GENEVA (AP) _ The United States appealed to the European Union on Tuesday to back its efforts to censure China before the U.N. Human Rights Commission, saying it was a matter of principle.

``There has been a deterioration in the human rights condition over the past year,'' said Harold Hongju Koh, a U.S. assistant secretary of state, voicing concern about the ``deprivation of the right to democracy and the right of political participation.''

The State Department announced last Saturday that it would revive efforts for the 53-nation human rights commission to criticize China. It dropped its annual campaign last year in preference for diplomacy and dialogue after Beijing said it would sign important human rights treaties.

Foreign Ministry spokesman Sun Yuxi said China ``strongly opposed'' the U.S. decision to support a resolution of censure.

``We demand the U.S. side reverse its erroneous decision immediately and abandon its practice of interfering in China's internal affairs,'' Sun said Tuesday in Beijing.

Beijing has always managed to mobilize support from the United Nation's developing country majority to push through a ``no-action'' motion and head off any formal criticism. The situation is unlikely to change this year.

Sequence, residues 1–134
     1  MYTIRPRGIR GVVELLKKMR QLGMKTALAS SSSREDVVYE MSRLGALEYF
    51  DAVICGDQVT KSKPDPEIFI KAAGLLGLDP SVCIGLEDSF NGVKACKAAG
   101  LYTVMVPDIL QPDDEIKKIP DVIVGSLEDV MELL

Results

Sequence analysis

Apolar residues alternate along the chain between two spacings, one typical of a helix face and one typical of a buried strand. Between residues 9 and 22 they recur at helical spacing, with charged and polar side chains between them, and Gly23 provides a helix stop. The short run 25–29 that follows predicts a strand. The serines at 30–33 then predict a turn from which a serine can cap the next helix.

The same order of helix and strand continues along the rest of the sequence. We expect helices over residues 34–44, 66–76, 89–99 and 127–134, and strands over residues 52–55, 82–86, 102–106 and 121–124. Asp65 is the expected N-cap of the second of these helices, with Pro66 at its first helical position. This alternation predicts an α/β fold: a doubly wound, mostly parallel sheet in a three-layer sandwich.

Regardless of the outcome, the U.S. decision to push for formal criticism of Beijing puts the 15-nation European Union in a tricky position. While voicing concern at Beijing's recent clampdown on pro-democracy activists, the EU decided earlier this month that it wouldn't sponsor a critical resolution.

If the EU stands by that decision, it will open itself to accusations of betraying human rights ideals.

The U.N. commission is the top U.N. human rights watchdog, although much of its work is politicized. At its current session, which runs through April 30, it is due to examine violations in Iraq, Iran, the Congo, Myanmar and former Yugoslavia, to name but a few.

Any resolution on China is likely to be debated toward the end of the commission.